President Barack Obama shakes hands with Russia’s President Vladimir Putin in a bilateral meeting during the G20 Summit, Monday, June 18, 2012, in Los Cabos, Mexico. (AP Photo/Carolyn Kaster)

  • Abdullah bin Abdulaziz Al Saud, King Of Saudi Arabia

    U.S. President Barack Obama shakes hands with King Abdullah bin Abdulaziz Al Saud of Saudi Arabia during meetings in the Oval Office at the White House in Washington, DC, June 29, 2010. (SAUL LOEB/AFP/Getty Images)

  • Lee Hsien Loong, Prime Minister Of Singapore

    President Barack Obama shakes hands with with Singapore Prime Minister Lee Hsien Loong during their meeting in the Oval Office of the White House in Washington, Tuesday, April, 2, 2013. (AP Photo/Pablo Martinez Monsivais)

  • Fredrik Reinfeldt, Prime Minister Of Sweden

    U.S. President Barack Obama shakes hands with Sweden's Prime Minister Fredrik Reinfeldt (L) during meetings in the Oval Office of the White House in Washington, DC, November 2, 2009. (SAUL LOEB/AFP/Getty Images)

  • Yingluck Shinawatra, Prime Minister Of Thailand

    U.S. President Barack Obama, left, and Thai Prime Minister Yingluck Shinawatra shake hands following the conclusion of their joint news conference at Thai Government House in Bangkok, Thailand, Sunday, Nov. 18, 2012. (AP Photo/Pablo Martinez Monsivais)

  • Abdullah II, King Of Jordan

    FILE - In this March 22, 2013, file photo, President Barack Obama, left, and Jordan's King Abdullah II, right, shake hands following their joint new conference at the King's Palace in Amman, Jordan. (AP Photo/Pablo Martinez Monsivais, File)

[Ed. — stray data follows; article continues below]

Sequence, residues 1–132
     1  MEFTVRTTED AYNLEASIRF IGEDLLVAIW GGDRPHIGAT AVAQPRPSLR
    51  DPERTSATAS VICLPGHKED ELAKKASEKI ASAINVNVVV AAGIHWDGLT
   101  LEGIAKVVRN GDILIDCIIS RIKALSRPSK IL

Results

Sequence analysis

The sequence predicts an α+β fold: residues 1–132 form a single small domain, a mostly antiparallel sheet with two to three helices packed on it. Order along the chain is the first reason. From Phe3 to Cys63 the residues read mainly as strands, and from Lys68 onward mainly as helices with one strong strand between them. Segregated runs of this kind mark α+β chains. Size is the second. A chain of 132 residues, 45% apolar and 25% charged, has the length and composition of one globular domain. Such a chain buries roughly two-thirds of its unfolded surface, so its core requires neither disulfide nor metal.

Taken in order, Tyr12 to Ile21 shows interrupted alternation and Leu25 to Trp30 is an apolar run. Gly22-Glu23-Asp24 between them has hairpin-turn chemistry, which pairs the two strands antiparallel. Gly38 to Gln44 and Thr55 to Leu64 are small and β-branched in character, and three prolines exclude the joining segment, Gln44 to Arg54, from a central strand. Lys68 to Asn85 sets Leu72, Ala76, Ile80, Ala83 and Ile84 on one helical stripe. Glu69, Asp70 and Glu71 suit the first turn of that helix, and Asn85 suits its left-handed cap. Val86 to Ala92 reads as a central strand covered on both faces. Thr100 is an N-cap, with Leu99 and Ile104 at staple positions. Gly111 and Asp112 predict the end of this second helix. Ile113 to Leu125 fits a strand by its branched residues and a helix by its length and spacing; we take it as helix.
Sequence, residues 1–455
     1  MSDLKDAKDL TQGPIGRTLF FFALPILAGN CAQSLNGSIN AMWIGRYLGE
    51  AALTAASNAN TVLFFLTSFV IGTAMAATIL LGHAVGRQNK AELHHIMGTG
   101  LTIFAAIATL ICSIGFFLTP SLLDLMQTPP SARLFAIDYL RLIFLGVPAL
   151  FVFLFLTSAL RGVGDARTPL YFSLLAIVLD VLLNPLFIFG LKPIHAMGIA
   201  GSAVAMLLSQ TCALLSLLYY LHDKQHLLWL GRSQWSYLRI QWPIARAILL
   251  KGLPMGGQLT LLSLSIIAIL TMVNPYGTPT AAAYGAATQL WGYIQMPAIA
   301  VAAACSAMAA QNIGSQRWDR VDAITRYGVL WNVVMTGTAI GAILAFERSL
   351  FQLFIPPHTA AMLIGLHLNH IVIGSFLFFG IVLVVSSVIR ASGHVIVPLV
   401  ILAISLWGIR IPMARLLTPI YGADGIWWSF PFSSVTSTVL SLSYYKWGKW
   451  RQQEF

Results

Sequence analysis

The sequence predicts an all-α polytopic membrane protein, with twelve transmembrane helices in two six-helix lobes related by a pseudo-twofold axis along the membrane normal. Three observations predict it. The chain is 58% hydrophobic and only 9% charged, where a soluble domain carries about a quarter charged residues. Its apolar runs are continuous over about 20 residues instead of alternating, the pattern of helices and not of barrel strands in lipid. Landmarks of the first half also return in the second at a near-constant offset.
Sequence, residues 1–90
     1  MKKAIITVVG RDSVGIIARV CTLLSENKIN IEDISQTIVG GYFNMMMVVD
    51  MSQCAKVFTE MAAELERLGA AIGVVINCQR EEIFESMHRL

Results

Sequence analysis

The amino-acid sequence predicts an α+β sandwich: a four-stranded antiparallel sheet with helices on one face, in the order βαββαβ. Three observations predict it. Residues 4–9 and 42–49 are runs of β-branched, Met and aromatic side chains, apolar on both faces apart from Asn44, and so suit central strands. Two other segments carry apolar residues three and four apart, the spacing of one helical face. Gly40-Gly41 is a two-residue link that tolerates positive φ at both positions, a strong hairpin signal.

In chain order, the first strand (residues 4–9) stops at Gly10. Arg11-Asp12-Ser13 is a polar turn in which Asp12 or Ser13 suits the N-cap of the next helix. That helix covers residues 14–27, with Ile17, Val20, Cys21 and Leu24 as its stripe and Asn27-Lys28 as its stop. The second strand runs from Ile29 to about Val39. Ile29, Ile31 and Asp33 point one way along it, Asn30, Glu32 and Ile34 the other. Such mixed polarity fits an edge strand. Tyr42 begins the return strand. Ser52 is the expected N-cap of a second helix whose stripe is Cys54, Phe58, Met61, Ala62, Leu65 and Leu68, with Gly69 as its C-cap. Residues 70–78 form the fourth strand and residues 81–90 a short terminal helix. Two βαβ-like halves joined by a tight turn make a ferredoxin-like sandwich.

• Recep Tayyip Erdogan, Prime Minister Of Turkey

    U.S. President Barack Obama (R) shakes hands with Turkish Prime Minister Recep Tayyip Erdogan after their bilateral meeting in Seoul on March 25, 2012 on the eve of the 2012 Seoul Nuclear Security Summit. (JEWEL SAMAD/AFP/Getty Images)

  • David Cameron, Prime Minister Of Great Britain

    President Barack Obama shakes hands with Britain's Prime Minister David Cameron on arrival for the G8 Summit Friday, May 18, 2012 at Camp David, Md. (AP Photo/Charles Dharapak)

  • Hugo Chavez, Former President Of Venezuela

    Venezuelan President Hugo Chavez (R) gives a book, 'The Open Veins of Latin America' of Uruguayan writer Eduardo Galeano to US President Barack Obama (L) during a multilateral meeting to begin during the Summit of the Americas at the Hyatt Regency in Port of Spain, Trinidad April 18, 2009. (JIM WATSON/AFP/Getty Images)